When looking up the word “rage” in the dictionary it mentions “angry fury” and “violent anger”, and whilst it might be an odd way to start a review, rage is certainly an emotion you’ll get used to in the latest entry to the DiRT franchise, titled “Showdown”. Thankfully the game can also be extremely enjoyable, but it’s this inconsistency that may put some people off as Showdown is the naughty child in the DiRT franchise.
Yes there is straight up racing to be found, but it is nestled in amongst events such as “Hoonigan” and “Rampage” – destruction is very much at the forefront.
The first thing you’ll notice (literally – the main screen offers an in-game reward of $20,000 for signing up) is Codemasters’ new feature, RaceNet. Becoming part of RaceNet means you’ll have access to the stat-tracking system, giving you the opportunity to keep tabs on wins, losses, best times etc. It’s more than that though, as RaceNet members will get to take part in exclusive challenges, which in turn unlock special rewards.
After the initial sign-up it’s an unobtrusive system that has the potential to vastly extend Showdown’s lifespan. Unless you have a hatred of the internet, it’s definitely worth becoming a member.
Car models are mostly original, rather than licensed, but there's plenty of variation.
The Hoonigan events, however, are all about performing trick-runs, stunts and challenges. Whatever the event, coming in first will earn the most money, but it’s not the key to progression as stages will unlock as long as you finish within the top three. Obviously getting as much money as possible is a good thing as it means better cars can be bought, or current cars can be upgraded for a performance, strength and handling boost (although the effect of these upgrades appear minimal).
The car handling is definitely geared towards an arcade experience, with power-slides easily accessible on tracks with nice, wide turns. Those familiar with games such as Burnout and MotorStorm will feel at home with Showdown. In fact, there’s quite a MotorStorm vibe about the entire thing. The different weather types are also a most welcome challenge.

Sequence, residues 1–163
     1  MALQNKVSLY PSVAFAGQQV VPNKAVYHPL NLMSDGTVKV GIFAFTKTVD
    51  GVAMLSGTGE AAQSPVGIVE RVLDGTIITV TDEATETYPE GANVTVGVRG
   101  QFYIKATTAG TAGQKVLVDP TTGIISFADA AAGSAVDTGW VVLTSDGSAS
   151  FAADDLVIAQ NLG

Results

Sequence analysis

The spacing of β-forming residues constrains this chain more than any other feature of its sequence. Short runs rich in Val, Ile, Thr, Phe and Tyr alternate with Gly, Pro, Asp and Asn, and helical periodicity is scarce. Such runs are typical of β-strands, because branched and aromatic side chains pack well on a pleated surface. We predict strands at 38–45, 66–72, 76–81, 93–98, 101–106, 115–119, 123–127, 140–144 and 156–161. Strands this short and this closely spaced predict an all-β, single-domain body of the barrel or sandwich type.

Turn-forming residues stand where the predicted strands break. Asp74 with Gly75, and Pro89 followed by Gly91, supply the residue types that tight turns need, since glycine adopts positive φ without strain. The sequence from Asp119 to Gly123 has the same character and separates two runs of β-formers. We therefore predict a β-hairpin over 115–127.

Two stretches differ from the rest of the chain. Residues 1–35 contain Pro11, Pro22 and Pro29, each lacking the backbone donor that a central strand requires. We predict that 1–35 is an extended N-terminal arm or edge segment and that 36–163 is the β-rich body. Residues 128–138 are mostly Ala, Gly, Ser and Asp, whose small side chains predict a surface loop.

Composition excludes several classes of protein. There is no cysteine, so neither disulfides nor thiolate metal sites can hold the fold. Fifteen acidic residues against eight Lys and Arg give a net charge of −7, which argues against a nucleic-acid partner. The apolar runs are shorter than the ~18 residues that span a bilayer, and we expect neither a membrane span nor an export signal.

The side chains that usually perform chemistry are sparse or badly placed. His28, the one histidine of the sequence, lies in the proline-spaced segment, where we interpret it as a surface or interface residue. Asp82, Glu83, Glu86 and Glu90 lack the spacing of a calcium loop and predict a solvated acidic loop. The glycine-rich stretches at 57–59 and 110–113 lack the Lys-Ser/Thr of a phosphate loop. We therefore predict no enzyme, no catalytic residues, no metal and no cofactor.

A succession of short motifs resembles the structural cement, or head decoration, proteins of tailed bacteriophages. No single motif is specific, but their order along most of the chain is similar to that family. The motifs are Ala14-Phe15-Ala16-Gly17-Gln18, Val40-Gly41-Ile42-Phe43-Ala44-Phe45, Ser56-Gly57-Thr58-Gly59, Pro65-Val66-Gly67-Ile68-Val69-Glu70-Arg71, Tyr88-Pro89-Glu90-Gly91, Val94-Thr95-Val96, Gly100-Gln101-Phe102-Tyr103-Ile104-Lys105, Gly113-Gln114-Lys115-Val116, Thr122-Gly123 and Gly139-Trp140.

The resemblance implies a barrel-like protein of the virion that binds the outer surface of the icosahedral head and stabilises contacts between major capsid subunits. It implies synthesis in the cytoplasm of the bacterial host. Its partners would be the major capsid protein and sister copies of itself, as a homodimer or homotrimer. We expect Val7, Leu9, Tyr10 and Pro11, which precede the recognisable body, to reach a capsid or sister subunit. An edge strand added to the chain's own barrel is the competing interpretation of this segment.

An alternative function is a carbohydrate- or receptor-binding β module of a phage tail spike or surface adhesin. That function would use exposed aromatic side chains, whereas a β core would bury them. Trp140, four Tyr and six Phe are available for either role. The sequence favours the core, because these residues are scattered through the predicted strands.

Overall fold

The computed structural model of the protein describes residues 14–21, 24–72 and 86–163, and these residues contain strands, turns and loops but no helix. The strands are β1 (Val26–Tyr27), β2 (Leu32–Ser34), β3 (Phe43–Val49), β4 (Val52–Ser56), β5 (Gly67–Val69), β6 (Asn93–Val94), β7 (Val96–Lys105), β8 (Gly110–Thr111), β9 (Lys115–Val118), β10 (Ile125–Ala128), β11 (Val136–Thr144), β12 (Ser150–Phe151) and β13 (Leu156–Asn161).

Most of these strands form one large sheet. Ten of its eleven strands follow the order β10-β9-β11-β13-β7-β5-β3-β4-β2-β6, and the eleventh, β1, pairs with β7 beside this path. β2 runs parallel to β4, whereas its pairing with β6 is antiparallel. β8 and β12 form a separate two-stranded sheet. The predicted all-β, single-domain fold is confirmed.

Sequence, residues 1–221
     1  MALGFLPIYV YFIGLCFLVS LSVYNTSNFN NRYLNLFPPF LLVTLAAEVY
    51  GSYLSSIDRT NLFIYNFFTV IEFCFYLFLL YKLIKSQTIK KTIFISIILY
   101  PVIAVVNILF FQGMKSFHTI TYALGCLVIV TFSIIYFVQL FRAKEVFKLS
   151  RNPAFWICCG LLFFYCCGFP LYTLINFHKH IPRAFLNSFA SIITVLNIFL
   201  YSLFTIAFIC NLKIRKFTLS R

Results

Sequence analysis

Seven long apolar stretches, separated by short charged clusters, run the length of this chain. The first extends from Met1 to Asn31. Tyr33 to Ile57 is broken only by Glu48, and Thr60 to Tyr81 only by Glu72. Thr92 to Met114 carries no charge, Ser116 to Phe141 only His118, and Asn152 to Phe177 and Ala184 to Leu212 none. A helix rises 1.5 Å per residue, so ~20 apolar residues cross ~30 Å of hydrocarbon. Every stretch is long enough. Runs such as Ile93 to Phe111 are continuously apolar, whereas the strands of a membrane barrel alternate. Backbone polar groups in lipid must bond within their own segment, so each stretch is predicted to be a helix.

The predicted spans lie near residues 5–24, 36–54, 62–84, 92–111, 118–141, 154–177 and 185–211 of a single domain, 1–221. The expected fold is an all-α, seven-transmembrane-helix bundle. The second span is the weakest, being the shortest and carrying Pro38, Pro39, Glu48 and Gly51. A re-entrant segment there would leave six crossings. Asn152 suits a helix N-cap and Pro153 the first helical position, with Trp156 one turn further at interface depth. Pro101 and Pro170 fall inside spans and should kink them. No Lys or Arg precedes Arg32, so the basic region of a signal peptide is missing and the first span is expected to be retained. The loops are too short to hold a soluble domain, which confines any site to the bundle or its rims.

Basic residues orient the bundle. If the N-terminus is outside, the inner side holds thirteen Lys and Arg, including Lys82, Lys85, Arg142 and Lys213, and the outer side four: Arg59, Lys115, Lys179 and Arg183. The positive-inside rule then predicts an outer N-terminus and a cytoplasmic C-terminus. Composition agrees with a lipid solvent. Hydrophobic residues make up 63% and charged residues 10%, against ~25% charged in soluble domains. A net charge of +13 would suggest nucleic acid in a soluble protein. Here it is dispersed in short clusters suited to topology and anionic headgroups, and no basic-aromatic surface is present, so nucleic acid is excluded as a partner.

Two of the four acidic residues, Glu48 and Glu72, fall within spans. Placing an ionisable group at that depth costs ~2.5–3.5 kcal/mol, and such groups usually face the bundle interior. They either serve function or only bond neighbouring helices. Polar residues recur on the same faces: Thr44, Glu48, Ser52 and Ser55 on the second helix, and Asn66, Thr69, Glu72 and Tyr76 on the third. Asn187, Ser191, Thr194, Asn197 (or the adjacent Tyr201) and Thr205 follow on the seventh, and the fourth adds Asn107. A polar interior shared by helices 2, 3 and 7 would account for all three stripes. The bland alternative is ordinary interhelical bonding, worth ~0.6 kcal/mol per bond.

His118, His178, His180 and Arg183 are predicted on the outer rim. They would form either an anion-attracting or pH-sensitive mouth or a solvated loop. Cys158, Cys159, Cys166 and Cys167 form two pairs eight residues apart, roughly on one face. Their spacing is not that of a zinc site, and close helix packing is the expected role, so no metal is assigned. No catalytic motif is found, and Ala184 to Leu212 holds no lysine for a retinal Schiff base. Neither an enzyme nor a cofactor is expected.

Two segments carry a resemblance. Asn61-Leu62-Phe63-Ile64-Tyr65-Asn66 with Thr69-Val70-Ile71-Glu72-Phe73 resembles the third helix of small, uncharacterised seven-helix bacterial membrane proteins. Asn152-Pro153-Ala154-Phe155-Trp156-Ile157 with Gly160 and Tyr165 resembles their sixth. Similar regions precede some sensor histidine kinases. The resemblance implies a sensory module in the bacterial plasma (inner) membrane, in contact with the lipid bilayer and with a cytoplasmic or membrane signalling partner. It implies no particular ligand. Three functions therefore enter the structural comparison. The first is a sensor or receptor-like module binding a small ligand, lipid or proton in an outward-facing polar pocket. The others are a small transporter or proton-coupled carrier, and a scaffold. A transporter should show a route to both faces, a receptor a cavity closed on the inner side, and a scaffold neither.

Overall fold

Speaking of challenges, the game also has a mode that will chuck you into locations such as Battersea Power Station and let you just tear around the place, completing certain tasks at your leisure whilst looking for hidden packages.
It’s just a shame that some parts of the single-player campaign are much less entertaining. At its best the game is amazingly good fun, running at an insane pace as you weave between opponent vehicles before power-sliding through a bend and boosting over a ramp. Some of the head-to-head events are also extremely entertaining, pitting you against a series of drifts and challenges.
Unfortunately it can get very, very frustrating. The randomness of events like 8-Ball means you’ll be hitting the restart option often as your vehicle gets t-boned without you having any way to avoid it. Yes, I know that’s the nature of the race but I found it anything but enjoyable.
There also seems to be a few inconsistencies in the Demolition Derby events. Points are based on how hard you crash into your opponents, and at what angle. However, there were numerous times where a full head-on crash was given a “light collision” award, and a small tap was given a “heavy collision”. The game also couldn’t seem to keep up with what points to award to whom, and I have been frequently not awarded anything despite a collision clearly occurring.
The cars also seem to be made out of superglue. Often an opponent’s vehicle would hit me and I would then be stuck to their car, unable to dislodge myself as I get pushed along the track and into a wall. Hitting the track sides occasionally produced the same results, and instead of being able to get back into the race quickly I found my vehicle almost coming to a complete stop as it hit some invisible treacle.
Lots of wonderful crashing!
In contrast, the online modes run without any problems at all, and are extremely entertaining. For starters, every time you finish an event you have the option to challenge a Showdown owning friend to come and beat it. It’s a good feature to have, adding some longevity to things. The events from the single-player can be played online with up to eight people, and become much less frustrating with friends. In fact, to get the most from the game you really need to take it online. Smashing head-first into a friend’s vehicle whilst taunting them down the mic never fails to raise a smile.
Visually, Showdown is very nice indeed, with nicely detailed vehicles, lots of particle effects as well as different weather conditions. It’s the soundtrack that really deserves the biggest mention though, with a myriad of licensed tracks causing much nodding of heads. The commentator is painfully bad though, and should never have been included.
- Looks and sounds great.
- Vehicle handling is accessible.
- Some very good events.
- Brilliant online mode that appears to have no problems.
- RaceNet has a lot of potential.
- Can be infuriating.
- A number of glitches.
- Scoring problems in Destruction Derby events.
- Terrible commentary.
DiRT Showdown is very much a game of two halves. The single-player is enjoyable and frustrating in equal measure, but it’s the online mode that swoops in and saves the day with the combination of RaceNet, Showdown Challenges and lag-free mayhem.